Social media use and its associations with mental health 9 months after the covid-19 outbreak: a cross-national study
Peer reviewed, Journal article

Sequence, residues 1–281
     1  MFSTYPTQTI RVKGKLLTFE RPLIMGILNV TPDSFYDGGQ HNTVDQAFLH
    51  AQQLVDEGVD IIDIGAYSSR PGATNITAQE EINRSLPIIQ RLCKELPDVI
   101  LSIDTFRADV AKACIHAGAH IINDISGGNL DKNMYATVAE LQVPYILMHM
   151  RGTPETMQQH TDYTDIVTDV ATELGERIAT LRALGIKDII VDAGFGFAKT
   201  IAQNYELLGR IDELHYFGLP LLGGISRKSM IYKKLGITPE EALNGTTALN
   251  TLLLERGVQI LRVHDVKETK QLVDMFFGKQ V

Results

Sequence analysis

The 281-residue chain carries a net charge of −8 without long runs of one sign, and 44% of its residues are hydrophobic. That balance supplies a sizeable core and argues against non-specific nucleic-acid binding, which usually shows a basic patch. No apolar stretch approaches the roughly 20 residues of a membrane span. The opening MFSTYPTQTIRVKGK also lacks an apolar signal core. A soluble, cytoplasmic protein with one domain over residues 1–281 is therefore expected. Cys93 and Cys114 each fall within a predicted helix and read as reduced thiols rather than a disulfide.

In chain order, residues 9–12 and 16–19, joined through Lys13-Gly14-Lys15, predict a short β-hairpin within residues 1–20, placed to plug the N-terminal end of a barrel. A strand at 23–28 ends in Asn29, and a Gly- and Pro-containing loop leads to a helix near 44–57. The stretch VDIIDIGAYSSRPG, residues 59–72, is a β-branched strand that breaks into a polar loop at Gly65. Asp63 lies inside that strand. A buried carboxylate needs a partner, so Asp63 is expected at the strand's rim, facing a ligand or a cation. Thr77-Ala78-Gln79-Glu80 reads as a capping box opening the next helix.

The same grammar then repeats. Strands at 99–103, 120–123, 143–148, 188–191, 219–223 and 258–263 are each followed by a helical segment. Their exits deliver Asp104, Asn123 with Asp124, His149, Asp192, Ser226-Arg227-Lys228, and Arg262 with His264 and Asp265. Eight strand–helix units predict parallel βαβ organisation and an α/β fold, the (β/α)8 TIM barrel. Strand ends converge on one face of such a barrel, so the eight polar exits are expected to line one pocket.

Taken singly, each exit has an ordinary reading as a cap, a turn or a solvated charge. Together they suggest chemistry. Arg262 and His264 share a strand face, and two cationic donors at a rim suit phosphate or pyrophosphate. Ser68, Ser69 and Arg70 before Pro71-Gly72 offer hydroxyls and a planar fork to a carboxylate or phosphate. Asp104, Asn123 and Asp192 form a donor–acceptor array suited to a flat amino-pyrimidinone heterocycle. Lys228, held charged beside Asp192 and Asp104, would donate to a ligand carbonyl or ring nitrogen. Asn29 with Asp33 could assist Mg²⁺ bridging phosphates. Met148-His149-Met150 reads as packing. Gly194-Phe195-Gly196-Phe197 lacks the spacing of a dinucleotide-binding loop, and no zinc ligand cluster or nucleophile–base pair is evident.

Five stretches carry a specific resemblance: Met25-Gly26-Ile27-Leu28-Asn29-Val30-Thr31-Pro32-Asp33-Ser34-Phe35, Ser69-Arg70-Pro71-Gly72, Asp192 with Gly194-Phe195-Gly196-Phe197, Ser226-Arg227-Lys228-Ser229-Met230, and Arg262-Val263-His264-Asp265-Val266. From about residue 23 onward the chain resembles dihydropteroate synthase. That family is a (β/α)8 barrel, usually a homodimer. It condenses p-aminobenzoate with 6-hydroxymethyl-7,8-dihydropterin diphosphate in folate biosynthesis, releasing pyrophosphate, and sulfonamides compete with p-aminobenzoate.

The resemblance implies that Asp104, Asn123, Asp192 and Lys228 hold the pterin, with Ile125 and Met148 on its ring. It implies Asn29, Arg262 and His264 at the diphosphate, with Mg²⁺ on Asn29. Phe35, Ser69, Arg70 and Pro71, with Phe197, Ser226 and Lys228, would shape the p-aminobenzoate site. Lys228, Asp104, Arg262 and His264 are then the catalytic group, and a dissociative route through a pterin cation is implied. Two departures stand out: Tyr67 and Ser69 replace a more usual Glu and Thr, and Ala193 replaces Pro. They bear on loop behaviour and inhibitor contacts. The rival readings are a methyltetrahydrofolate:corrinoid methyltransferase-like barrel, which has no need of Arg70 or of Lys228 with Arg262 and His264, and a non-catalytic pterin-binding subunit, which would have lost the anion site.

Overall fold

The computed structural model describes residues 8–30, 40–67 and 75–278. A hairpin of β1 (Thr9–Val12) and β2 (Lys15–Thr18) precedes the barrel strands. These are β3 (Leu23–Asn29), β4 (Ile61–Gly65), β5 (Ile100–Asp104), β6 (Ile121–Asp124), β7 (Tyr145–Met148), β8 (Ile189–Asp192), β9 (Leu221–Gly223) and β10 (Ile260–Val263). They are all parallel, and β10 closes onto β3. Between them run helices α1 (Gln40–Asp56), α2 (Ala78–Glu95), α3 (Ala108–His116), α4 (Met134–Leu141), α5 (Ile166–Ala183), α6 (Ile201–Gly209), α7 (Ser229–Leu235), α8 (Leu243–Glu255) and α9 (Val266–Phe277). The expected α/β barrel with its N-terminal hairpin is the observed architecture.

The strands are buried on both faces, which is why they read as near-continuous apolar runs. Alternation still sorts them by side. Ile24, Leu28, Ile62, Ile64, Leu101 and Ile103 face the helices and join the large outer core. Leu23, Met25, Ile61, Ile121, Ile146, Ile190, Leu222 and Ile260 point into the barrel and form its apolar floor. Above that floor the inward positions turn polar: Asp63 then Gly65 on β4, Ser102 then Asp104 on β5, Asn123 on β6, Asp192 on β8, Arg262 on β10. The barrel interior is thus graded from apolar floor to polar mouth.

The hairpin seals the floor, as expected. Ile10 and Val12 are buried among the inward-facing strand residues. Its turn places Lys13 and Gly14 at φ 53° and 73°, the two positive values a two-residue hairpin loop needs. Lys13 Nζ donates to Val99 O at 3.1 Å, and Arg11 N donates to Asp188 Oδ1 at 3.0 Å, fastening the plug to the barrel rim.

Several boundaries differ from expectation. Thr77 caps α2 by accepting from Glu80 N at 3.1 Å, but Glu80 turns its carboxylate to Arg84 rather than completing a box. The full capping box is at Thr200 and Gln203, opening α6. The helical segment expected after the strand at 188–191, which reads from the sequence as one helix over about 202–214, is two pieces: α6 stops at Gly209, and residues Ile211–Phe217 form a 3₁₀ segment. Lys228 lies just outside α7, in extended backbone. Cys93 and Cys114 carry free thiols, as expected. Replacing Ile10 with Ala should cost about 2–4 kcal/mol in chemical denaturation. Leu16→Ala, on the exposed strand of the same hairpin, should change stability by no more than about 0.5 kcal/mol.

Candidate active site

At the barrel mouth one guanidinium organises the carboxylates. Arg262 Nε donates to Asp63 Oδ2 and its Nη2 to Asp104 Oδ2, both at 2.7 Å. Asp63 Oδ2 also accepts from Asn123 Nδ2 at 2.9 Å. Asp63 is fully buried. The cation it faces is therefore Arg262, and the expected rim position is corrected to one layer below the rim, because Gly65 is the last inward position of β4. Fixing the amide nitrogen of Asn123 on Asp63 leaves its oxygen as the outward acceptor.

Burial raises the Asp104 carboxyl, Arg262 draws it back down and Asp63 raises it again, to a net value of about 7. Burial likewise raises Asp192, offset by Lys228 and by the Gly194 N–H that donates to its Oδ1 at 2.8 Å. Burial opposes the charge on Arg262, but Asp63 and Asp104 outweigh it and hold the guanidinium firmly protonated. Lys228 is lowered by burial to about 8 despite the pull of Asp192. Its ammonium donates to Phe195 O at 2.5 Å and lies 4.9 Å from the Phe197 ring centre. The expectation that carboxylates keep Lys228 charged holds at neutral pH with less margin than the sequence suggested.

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Background: The covid-19 pandemic has impacted the health and well-being of millions across the globe. Strict social distancing policies and periodic lockdowns has led to an increased reliance on alternative online means of communication, including social media. Objectives: to examine (i) social media use and mental health in the general population 9 months after the COVID-19 pandemic outbreak and (ii) mental health in relation to motives for and extent of social media use, while adjusting for sociodemographic variables. Methods: A cross-national online survey was conducted in Norway, UK, USA and Australia. Participants (n = 3,474) reported extent of and motives for social media use and completed the 12-item General Health Questionnaire. The data were analyzed by chi-square tests, one-way analyses of variance, and multiple linear regression analysis. Results: Poorer mental health was associated with using social media to decrease loneliness and for entertainment motives, while better mental health was associated with using social media for personal contact and maintaining relationships. Overall increased daily time on social media was associated with poorer mental health. The social media use variables were responsible for a substantial proportion of the outcome variance explained. These findings were consistent across the four countries, with only minor variations. Conclusions: Motives for using, and time spent using, social media were associated with the participants’ mental health. Guidance and recommendations for social media usage to the general public for prevention and intervention for behavioral health may be beneficial.